Spread the word
You have found us ,if you lived on or around the Cuckoo estate,attended any of the local schools.Had family who live on the Cuckoo estate.Your Grandparents or parents lived or where born on the Cuckoo estate.Then you are in the right place to meet old friends and new ones.Get involved in our group and become a Cuckooite.
As children we once played by a stream
So forever a river runs thru our dreams
Thru Pitshanger and Perivale we float
In a park we see a boy with a toy boat
Flowing under Castle Bar train tracks
Hearing a Push n' Pull whistling back
A small schoolboy slips on stepping stone
While he fishes for white golf balls alone
By a gypsy caravan a herd of horses stand
While women make paper flowers by hand
On the hilltop sits Charlie Chaplin's school
From its clock tower our Cuckoo bird calls
A boy gathers conkers from under tall tree
Stuffs pockets that hang down to his knees
In the White Hart men play darts for a beer
From Greenford Granada hollering we hear
In the Churchfield a weeping willow sways
By the white rabbit a peacock tail displays
Close to a cave where Dick Turpin did hide
Under Hanwell viaduct our river does glide
Our Brent to the
Clock chimes four its time we went home
From a top window of a red 55 bus we see
Lads in Pete's Café drinking nice cups 'o tea
Hello to all,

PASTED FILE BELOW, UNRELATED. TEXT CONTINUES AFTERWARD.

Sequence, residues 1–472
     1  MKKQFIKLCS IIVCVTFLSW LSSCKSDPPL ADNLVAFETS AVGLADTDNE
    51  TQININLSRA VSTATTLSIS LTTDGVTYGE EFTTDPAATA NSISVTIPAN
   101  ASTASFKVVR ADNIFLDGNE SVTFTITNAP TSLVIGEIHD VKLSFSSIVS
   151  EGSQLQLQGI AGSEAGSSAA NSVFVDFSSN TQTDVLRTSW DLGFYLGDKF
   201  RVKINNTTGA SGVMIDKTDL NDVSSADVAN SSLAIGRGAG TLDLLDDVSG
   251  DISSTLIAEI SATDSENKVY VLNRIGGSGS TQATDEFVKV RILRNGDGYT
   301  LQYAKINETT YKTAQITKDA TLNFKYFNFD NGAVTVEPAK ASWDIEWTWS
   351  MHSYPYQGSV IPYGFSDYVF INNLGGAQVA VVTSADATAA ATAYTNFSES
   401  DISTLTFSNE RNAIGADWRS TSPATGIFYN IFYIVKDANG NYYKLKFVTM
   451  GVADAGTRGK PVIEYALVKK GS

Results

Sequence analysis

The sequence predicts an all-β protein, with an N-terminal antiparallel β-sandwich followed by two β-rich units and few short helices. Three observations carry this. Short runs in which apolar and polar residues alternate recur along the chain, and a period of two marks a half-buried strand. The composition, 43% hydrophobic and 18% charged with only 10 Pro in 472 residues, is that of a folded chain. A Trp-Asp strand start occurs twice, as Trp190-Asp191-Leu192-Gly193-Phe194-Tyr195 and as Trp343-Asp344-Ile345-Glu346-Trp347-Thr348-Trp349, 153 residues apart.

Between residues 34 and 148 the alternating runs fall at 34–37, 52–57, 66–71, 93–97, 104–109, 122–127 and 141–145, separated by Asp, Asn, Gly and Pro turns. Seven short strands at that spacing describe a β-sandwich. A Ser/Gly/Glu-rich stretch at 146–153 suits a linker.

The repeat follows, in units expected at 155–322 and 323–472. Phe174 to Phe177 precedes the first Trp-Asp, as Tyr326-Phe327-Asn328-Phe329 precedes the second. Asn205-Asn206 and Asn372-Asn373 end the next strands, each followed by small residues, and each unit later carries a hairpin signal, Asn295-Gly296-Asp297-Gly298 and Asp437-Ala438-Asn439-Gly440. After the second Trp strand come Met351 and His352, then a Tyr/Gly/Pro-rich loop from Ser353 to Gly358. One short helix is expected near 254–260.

I'm a first timer, just found this site by chance, had no idea it existed, but after reading some of your stories, and seeing some of the names, places, and things we all used to get up to on the estate, I just had to join in. I was raised on Hillyard ave. from birth in 1937 until 1954 when I moved to Canada. I went to the Cuckoo infants, juniors and seniors. Some of your comments on those school days, like Yvonnes back in April about teachers like Mrs. cummings, she liked to pull everyone around by their ear, she always wore her hair in a fringe. Nitty Nora the flea explorer, used to love to pull half your hair out with her fine toothed comb, so many memories. I often show my Grandkids the estate on Google maps, you can zoom in pretty close on the schools and houses, places like the flat roofed school on Brants Walk where we used to shinny up the drainpipe and get all kinds of balls that kids had thown up there, then we'd sell them back or trade for other stuff. We'd watch the girls doing handstands against the walls showing off their blue bloomers that came to their knees, but we still liked to watch. We'd play all the games like conckers, marbles, cigarette cards against the wall etc. Great memories. A few of my Cousins lived on Brants Walk, right next to the school, and we used to hang out together, we'd collect conkers from the trees on Cuckoo ave. Built an underground cave and tunnels alongside the river Brent with a bunch of other kids, it became quite popular with a lot of locals, and got bigger and bigger until it was destroyed by a bulldozer, or some other piece of heavy equipment that fell through when it was either doing some work in the area, or was called to fill it in, I don't remember now, but it was good fun while it lasted. We used to go to the Greenford Granada, and were members of the Greenford Grenadiers and sang the song."one for one and all for all the Greenford Grenadiers" watch Tarzan serials, Tom Mix etc. and hope they'd call your ticket to win a choc ice. We'd walk home along the Brent, looking for golf balls to sell back to the golfers, or take "cats eyes" out of the road markers, catch hedge hogs, all kinds of things. We were pretty much left on our own to do stuff from an early age, not like these days where all the kids activities have to be organized and constantly watched over.I didn't have a Dad and my Mum used to work at Lyons factory, and I used to always manage to meet her at Castebar station on the days she was allowed to bring home brocken chocolate mints from work, never tasted anything so good, a real treat back then. I remember ration books and queing up for hours to get food, no sorting through and choosing your veggies then, they just scooped them up, weighed them and dumped them in your bag, the bad along with the good. Anyhow, now that I've started, I could go on for hours, but I'll save it for some other time. I'm sure we all know some of the same people, probably played together, I hope to hear from some of you in the near future, Bye for